By comparison, the POJO version (which is downloadable from www.pojosinaction.com) would look something like Listing 1. The MoneyTransferService and its implementation class define a transfer() method and the Account class maintains a balance and defines debit() and credit() methods. The AccountDAO is the interface for the Data Access Object (DAO) class whose implementation I'll describe later.

As you can see, these are regular Java classes. None of them implement special interfaces or call any framework classes. What's more, the MoneyTransferService doesn't instantiate the AccountDAO directly or look it up using an API such as JNDI. Instead, the AccountDAO is passed as a constructor parameter. This is an example of what is termed dependency injection, which is one of the key enablers for POJO development (www.martinfowler.com/articles/injection.html). In this example, dependency injection decouples the MoneyTransferService from the infrastructure framework. The MoneyTransferService only depends on the AccountDAO interface - not on the framework used to implement the AccountDAO or an API such as JNDI.

You could, of course, simplify the MoneyTransferService by dispensing with the AccountDAO and directly injecting, for example, a Spring HibernateTemplate or an EJB 3 EntityManager. However, I generally prefer to keep my framework-specific data access code separate from my business logic.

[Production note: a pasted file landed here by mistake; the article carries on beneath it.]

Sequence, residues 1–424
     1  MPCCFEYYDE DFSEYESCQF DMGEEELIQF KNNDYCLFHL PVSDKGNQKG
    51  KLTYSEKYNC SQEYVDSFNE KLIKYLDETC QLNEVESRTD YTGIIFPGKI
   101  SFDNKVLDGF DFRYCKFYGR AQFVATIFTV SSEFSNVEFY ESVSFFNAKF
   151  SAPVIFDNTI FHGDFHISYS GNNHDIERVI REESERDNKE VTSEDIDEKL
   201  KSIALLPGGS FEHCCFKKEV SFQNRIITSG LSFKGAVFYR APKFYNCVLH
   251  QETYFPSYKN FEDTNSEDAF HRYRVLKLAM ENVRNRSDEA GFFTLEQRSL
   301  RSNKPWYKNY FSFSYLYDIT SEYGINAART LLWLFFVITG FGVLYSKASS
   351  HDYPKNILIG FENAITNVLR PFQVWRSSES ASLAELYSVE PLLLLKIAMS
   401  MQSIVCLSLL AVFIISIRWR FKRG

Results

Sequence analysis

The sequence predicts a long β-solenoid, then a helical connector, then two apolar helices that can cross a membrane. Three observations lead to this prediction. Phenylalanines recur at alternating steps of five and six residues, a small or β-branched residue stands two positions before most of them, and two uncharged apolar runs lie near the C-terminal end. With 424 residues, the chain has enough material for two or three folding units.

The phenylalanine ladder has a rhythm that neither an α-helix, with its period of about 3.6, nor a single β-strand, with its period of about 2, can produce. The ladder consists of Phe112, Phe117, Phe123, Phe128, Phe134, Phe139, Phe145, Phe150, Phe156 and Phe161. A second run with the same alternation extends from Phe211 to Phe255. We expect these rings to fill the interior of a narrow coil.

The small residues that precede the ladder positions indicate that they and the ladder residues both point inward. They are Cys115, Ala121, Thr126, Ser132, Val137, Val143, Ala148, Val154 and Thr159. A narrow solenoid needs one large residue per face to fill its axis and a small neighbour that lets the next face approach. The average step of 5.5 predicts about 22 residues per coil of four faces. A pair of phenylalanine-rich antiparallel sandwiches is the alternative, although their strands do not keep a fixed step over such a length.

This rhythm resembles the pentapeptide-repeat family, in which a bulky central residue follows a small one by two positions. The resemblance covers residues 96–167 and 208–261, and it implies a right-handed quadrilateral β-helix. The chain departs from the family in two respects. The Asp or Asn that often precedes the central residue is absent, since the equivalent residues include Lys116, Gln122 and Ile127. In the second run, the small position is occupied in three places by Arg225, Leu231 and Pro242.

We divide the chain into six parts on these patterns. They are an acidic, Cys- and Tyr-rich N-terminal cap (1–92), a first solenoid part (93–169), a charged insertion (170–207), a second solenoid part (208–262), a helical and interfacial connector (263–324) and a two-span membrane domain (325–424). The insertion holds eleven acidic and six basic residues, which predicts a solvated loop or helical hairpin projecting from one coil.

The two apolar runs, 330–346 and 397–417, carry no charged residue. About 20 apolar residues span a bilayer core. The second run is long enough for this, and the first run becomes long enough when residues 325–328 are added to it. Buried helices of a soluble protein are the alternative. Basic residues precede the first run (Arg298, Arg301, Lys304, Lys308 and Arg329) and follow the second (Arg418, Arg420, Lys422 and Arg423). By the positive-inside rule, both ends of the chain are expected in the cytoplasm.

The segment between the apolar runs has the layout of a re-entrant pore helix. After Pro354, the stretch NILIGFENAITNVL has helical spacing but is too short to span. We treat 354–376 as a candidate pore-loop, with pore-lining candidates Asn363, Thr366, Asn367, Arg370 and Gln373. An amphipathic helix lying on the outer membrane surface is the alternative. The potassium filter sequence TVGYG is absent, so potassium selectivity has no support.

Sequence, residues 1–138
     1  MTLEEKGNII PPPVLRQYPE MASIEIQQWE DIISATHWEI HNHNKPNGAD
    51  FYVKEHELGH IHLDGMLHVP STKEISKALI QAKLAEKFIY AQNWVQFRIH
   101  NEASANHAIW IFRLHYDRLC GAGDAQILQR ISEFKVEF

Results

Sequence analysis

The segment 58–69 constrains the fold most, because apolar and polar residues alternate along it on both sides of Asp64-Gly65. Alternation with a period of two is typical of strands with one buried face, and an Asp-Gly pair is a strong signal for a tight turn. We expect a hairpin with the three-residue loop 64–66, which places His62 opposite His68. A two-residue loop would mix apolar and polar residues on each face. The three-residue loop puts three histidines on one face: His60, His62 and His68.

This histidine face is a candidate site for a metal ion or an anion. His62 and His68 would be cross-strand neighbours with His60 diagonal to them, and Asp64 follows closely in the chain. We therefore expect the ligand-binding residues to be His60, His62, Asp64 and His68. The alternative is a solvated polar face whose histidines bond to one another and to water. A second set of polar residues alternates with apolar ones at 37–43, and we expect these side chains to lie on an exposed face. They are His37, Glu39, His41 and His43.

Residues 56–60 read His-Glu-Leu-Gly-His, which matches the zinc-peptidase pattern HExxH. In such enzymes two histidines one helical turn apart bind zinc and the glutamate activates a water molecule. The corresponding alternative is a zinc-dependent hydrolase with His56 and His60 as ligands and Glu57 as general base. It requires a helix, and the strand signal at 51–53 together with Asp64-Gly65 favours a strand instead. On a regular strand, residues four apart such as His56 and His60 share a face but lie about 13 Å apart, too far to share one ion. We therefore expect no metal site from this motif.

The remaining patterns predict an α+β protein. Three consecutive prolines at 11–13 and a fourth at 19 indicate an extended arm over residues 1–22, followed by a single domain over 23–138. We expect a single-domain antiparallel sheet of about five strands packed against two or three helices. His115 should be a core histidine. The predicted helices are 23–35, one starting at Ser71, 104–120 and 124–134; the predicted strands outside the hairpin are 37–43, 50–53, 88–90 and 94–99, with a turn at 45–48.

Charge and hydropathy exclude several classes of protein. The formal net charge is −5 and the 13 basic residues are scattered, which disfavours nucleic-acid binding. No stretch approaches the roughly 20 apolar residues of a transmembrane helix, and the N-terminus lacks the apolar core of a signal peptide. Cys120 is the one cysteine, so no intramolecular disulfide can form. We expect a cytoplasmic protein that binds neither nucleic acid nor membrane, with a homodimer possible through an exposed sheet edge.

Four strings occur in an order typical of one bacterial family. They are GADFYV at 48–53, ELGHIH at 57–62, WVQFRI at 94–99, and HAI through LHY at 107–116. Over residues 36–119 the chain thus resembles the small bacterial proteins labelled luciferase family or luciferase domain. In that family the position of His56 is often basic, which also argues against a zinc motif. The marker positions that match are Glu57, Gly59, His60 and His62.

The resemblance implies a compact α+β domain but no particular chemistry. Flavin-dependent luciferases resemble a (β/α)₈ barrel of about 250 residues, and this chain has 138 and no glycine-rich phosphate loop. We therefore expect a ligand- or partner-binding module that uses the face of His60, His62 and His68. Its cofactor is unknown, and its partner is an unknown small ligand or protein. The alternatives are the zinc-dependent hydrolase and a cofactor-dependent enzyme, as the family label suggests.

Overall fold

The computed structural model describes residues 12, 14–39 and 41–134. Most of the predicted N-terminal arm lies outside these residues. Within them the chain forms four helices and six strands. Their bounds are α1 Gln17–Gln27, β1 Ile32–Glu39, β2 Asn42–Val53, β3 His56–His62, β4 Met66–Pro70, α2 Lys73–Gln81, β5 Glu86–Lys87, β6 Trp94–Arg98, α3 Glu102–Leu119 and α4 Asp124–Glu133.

The Benefits of POJOs
Decoupling the application code from the infrastructure frameworks is one of the many benefits of using POJOs. They also simplify development because rather than being forced to think about everything - business logic, persistence, transactions, etc. - at once, you can focus instead on one thing at a time. You can design and implement the business logic and then, once that's working, you can deal with persistence and transactions.

POJOs also accelerate development. You can test your business logic outside of the application server and without a database. You don't have to package your code and deploy it in the application server. You also don't have to keep the database schema constantly in sync with the object model or spend time waiting for slow-running database tests to finish. Tests run in a few seconds and development can happen at the speed of thought - or at least as fast as you can type!

But by now you probably have questions such as what about transactions? Security? Persistence? Remoting? And how do you assemble an application with dependency injection? As you might have guessed, POJOs by themselves are insufficient. To use them in an enterprise application you have to use one or more frameworks.

Overview of Frameworks for POJOs